It’s intuitive and fully customisable so you can set it up to work just the way you want it to and it will even backup all of your data on the cloud. Unfortunately it’s only available on iPhone.
We used to use Skype for video calls, but it’s become slightly overshadowed by Facebook messenger video call which seems to be slightly more reliable, and far more widespread. However, Skype still has its uses.
We mainly use it for calling landlines which can be useful both locally and internationally, and costs a minimal amount. We loaded our account up with just £10GBP ($13USD) and to date it’s lasted over two years!
I find it hard to believe, but there are still some crazy people out there who don’t. have. whatsapp. Seriously.
If this describes you, you’re probably glaring at the screen saying “but I’ve got iMessenger” or “but i use facebook messenger” or “but I’ve got email”. Shush now. Don’t be mad cos you’re missing out.
Whatsapp allows you to create groups, lots of them with lots of participants, and through them you can have instant messenger conversations with multiple people all at once.
I’ve got family groups, uni friends groups, school friends groups, travel friends groups, old work friends groups, even “you’re not my friends but I still wanna keep tabs on what you got to say” groups.
It’s the bestest text messenger out there, so if you’re one of the 7 or so people in the world that don’t already have it, do yourself a favour and download it now.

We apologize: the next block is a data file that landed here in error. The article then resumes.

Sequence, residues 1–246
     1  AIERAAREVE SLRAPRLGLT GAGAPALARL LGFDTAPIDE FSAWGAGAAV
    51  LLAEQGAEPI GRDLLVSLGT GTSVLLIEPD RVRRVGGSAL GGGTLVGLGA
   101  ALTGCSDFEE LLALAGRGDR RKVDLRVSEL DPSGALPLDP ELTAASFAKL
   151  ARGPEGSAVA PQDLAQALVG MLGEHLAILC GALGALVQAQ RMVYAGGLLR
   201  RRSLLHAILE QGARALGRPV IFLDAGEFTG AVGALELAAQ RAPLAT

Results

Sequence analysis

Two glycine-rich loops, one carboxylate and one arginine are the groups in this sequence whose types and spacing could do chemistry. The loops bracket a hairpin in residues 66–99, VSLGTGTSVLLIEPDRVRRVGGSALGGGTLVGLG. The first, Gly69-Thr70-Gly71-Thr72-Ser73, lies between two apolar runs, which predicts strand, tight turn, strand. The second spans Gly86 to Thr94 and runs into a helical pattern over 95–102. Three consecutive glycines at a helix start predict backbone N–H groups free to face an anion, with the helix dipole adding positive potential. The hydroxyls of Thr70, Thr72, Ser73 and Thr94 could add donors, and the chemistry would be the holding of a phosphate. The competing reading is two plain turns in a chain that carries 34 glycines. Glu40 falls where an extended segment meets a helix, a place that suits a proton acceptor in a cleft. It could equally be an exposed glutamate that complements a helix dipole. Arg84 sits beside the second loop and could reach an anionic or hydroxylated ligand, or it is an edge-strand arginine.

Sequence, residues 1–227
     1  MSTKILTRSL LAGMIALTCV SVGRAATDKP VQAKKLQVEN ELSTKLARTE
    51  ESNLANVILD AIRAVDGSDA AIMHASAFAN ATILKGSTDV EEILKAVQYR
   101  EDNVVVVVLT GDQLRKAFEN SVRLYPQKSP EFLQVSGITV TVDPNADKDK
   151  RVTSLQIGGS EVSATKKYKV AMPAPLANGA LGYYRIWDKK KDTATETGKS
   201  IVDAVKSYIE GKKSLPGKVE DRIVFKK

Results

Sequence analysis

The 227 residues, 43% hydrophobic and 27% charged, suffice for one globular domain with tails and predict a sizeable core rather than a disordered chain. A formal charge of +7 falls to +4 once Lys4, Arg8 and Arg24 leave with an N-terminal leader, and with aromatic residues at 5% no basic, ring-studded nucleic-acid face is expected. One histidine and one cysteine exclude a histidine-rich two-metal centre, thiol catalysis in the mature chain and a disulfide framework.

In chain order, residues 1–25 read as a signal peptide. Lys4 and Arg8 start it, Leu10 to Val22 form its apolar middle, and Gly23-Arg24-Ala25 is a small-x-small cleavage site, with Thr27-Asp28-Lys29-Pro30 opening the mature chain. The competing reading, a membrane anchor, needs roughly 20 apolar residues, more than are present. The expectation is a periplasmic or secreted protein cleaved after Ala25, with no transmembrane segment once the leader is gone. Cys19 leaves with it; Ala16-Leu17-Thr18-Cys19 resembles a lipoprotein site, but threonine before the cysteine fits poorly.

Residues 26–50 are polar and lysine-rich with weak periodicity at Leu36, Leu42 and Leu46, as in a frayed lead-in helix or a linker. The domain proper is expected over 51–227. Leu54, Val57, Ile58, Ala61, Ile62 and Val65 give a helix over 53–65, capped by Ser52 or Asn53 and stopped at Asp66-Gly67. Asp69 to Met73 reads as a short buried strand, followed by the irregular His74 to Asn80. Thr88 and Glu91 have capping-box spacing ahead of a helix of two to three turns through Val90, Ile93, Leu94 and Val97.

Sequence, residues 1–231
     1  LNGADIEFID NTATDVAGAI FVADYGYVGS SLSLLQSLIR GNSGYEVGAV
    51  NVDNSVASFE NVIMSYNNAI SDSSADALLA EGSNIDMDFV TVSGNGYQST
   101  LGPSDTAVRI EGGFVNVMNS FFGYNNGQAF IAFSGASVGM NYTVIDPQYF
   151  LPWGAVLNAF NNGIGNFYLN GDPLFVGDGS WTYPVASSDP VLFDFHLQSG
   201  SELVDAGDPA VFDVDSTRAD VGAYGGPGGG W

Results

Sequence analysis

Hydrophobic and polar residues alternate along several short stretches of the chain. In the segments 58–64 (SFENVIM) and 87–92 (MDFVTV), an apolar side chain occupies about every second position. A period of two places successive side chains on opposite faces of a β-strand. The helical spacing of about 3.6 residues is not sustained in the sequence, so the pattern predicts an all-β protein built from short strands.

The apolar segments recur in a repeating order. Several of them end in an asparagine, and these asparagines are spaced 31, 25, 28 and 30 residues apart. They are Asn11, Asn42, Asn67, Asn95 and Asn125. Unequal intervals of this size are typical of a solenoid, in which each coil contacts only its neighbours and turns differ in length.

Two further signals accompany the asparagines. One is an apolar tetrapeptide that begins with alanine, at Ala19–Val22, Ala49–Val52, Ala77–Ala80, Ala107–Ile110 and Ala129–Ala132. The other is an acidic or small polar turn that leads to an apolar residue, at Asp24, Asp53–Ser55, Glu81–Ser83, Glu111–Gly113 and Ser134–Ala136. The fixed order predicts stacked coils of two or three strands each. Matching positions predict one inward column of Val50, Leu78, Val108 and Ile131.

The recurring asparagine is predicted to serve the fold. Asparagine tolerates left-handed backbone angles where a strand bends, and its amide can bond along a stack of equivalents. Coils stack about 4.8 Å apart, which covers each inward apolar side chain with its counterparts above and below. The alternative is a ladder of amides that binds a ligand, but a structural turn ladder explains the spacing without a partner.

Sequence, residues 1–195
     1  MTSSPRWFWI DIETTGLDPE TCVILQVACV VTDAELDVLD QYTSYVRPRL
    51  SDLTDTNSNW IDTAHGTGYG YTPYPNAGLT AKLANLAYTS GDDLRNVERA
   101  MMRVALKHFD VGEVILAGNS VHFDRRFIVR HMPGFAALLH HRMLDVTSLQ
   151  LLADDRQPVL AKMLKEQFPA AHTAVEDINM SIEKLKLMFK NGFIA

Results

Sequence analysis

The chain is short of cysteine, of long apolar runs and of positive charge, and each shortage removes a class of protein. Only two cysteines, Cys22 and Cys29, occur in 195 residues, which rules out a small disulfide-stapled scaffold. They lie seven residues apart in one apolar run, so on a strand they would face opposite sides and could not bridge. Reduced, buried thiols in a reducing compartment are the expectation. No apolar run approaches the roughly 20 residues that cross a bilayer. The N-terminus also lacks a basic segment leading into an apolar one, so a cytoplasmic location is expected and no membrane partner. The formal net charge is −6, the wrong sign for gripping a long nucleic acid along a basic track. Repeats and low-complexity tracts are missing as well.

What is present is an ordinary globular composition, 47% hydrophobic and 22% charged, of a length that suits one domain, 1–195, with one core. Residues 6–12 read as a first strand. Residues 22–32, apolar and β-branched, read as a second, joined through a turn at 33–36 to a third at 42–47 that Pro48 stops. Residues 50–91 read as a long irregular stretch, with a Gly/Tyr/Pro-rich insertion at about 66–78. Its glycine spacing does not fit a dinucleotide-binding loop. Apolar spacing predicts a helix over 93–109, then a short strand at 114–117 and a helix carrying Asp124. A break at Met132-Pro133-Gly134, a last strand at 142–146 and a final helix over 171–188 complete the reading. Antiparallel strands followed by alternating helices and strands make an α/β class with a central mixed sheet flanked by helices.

Google Drive is a free, cloud based storage system. You get 15GB of space at absolutely no cost to fill with whatever you please. We’d suggest keeping copies of important documents like your passport, insurance, etc. stored on there so you’ve got easy access whenever you need it.
You can also use it to store photos, text documents, or anything else that you want really. We use it primarily for work, but also save a number of other important things on the drive so we can access them on our phones whenever we need.
VPN stands for Virtual Private Network, and in a nutshell provides you with a secure, encrypted internet connection. It gives you an added level of security,
Getting a VPN is vitally important when you’re using unknown WiFi networks, which let’s face it, you’re likely to be doing pretty much every day when you’re travelling. We’d never do any banking or access any sensitive information without having our VPN turned on.
It’s also a necessity for countries with strict internet regulation, like China, if you want to gain access to sites that are prohibited such as Facebook.
There are plenty of free VPNs out there, and if you’re not too bothered about performance then you can get probably away with one of them. We pay a monthly fee for the one we use, VYPR VPN, as it gives us much greater control and better performance.
Always forgetting your passwords? It’s no surprise with the hundreds of long, complicated codes that we’re required to come up with, with each site warning us to choose a completely unique one.
Lastpass does all the hard work for you and safely secures your passwords in its vault, auto filling the box when you need to log into an app or a site. All you need is a single password to manage all of your accounts.
It also allows you to keep private notes which can include things like credit card details, photographs of passports and insurance documents, completely securely in case of an emergency.
Another stand out feature is that you can give someone you trust like a family member or friend, access to certain parts of your vault of your choosing. This way if you do have an emergency you can quickly get someone close to you to help sort it out.
Got a travel app that you couldn’t live without? Let us know what it is in the comments and why it’s so great (we might even include it on an update).